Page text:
Dark future awaits Morrisons in the hands of private equity financiers


And they certainly don’t think Morrisons is about to jump from the fourth place it has held in the supermarket rankings for nearly twenty years. CD&R doesn’t even seem to have a plan to improve performance, choosing instead to support management and its current strategic plan.

Then expect the usual tips. A £ 3.4bn financial package is already slated to fund around two-thirds of the supply, meaning Morrisons’ debt will more than double overnight.

But with profits reduced by the cost-of-living crisis enveloping the country and interest rates set in one direction, starting next year there will be immediate concerns about the burden on the service. these loans. Food and fuel supplies are also strained, raising serious questions about the wisdom of investing in the grocery industry at this point.

Loose commitments to avoid sales of major assets should be treated precisely like this. The company is ripe for a classic break that would threaten jobs, eat away at its culture and its ability to determine its own destiny. Bankers describe the chain as essentially being four businesses in one: basic grocery operations; stores; factories; and gas stations.

But if Leahy’s gang sticks to their word, it simply increases the likelihood of widespread cost reduction with consequences for customer service, investment, headcount, and vendor conditions.

One of the big frustrations is that if the Morrisons board of directors had rolled out one of the quick-money-making schemes that are common practice in private equity, it might have increased the price of the l ‘action and kept the vultures out of the door in the first place, but courage and vision was lacking.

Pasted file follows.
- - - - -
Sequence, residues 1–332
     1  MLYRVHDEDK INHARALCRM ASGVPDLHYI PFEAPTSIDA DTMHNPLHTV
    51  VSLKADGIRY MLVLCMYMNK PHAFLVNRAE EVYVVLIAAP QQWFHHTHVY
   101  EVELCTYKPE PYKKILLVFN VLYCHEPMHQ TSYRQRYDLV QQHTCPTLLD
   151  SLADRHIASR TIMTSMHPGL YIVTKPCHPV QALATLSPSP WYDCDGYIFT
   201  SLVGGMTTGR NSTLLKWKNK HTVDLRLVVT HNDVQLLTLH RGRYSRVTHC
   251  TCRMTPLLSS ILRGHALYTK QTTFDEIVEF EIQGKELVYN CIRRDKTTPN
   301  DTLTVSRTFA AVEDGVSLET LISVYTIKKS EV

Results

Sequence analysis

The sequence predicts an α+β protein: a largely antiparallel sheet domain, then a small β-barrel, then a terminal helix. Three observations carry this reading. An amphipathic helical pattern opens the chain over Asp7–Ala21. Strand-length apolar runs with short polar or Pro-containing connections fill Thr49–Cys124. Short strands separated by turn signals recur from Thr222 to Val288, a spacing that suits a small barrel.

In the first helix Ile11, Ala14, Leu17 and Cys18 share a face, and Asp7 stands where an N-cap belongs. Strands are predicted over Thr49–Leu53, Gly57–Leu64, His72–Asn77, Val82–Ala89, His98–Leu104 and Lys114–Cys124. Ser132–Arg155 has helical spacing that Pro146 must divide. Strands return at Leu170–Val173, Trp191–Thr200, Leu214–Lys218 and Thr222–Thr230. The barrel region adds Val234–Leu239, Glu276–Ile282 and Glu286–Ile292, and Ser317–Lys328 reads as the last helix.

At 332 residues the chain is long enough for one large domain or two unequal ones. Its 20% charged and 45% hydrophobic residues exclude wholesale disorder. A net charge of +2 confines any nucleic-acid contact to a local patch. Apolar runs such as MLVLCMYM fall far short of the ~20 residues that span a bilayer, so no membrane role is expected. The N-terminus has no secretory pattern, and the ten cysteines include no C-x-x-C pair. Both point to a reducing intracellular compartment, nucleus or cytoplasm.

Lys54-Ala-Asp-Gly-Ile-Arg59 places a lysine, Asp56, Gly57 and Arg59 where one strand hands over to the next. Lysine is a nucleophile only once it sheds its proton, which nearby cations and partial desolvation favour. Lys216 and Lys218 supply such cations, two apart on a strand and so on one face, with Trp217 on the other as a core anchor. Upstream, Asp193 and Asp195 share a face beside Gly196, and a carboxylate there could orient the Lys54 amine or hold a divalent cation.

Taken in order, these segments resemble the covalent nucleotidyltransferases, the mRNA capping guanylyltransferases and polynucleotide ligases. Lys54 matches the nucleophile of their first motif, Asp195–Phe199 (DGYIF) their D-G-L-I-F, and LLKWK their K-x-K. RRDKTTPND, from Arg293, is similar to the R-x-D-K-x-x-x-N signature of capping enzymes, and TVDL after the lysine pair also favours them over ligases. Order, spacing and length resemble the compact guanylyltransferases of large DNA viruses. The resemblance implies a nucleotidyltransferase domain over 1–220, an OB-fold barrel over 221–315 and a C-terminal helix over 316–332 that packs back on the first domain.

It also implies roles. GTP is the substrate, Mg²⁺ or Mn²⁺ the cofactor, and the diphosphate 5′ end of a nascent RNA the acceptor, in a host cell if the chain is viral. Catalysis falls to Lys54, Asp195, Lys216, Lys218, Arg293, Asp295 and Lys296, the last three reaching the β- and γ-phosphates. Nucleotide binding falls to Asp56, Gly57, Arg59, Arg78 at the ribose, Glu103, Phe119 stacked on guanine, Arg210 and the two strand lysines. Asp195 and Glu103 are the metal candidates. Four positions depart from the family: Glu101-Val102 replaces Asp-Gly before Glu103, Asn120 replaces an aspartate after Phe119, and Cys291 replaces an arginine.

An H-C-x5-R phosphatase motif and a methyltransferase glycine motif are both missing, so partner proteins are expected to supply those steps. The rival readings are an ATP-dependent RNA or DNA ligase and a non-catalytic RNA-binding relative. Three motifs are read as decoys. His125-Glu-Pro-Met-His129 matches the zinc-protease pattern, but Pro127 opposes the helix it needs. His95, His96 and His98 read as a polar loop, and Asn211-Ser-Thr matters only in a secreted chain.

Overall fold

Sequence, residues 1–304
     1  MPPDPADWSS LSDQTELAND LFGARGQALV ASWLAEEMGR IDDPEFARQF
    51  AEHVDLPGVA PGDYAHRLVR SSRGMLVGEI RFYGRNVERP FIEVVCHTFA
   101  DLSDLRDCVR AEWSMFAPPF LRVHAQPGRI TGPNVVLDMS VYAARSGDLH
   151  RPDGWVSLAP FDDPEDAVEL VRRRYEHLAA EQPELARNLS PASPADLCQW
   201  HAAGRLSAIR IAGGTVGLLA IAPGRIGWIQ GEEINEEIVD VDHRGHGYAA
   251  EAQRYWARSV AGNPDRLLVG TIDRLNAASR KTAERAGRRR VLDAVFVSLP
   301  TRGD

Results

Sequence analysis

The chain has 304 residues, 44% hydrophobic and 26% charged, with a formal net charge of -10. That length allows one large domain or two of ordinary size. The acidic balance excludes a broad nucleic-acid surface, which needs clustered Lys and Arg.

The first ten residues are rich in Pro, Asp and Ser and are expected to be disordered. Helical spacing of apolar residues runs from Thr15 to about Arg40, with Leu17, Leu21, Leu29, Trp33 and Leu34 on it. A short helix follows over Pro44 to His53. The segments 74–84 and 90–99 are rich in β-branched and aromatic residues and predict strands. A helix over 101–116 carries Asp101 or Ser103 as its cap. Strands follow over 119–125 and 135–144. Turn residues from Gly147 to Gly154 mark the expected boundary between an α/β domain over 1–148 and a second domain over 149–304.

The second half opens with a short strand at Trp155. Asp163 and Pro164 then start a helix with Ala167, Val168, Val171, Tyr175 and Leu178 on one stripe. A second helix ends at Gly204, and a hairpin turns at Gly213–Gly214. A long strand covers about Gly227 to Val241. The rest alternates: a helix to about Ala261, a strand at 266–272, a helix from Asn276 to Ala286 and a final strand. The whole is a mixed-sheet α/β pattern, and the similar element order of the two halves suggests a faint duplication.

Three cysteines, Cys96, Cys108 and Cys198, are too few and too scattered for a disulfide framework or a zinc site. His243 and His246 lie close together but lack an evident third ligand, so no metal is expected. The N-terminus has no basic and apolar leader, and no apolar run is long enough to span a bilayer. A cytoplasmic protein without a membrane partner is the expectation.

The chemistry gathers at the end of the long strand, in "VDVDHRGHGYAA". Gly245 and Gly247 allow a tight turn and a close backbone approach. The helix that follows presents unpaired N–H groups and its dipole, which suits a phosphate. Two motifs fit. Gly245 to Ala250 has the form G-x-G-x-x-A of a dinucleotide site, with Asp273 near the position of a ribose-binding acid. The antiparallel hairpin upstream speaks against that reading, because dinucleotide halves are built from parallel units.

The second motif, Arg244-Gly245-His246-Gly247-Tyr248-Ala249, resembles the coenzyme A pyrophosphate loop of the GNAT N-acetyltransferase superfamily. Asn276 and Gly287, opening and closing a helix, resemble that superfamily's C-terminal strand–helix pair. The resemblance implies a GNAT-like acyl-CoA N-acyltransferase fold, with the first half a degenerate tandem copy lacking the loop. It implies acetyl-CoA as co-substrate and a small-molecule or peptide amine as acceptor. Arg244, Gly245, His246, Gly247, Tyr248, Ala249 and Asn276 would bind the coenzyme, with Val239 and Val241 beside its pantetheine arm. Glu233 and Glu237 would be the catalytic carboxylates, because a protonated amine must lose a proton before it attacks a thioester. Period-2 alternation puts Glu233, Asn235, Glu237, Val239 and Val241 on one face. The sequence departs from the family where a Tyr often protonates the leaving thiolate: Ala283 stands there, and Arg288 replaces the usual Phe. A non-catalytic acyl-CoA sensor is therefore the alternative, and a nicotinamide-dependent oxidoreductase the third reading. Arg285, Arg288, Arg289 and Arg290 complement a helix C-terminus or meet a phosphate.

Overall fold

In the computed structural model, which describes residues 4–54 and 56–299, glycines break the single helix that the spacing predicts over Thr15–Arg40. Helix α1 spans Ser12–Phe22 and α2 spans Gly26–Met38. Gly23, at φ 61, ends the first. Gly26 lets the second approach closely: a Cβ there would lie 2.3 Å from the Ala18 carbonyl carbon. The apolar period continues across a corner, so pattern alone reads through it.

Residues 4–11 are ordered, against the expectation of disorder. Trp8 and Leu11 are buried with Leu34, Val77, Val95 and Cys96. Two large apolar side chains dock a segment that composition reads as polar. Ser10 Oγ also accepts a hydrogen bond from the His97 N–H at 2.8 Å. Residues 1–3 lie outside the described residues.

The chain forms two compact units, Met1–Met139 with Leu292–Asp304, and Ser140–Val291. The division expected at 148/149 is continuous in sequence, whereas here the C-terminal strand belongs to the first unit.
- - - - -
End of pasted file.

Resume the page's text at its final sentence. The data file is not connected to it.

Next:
With their eyes firmly fixed on a shared salary of £ 39million, senior management abandoned the company to its fate.

Make things embarrassing

You have to hand it over to the marketing geniuses at HSBC. Few companies are this bad at advertising. First, they brought us the “we are not an island” campaign. Designed as a deep celebration of internationalism, it felt more like anti-Brexit propaganda.

Its latest effort is to remove borders because they apparently cause more friction and problems than they solve. It’s a clumsy take for an organization that insists it doesn’t play politics but is happy to give legitimacy to the authoritarian Chinese regime by doubling its presence there, and even freezing student bank accounts. protesters in Hong Kong.

Beijing has spent the past two years trying to weaken the border with the former British colony so it can lock up militants and tighten its grip on the region. In that sense then, at least HSBC is on the message. If there is one thing that is bad for opponents of national sovereignty and democracy, it is these pesky borders.


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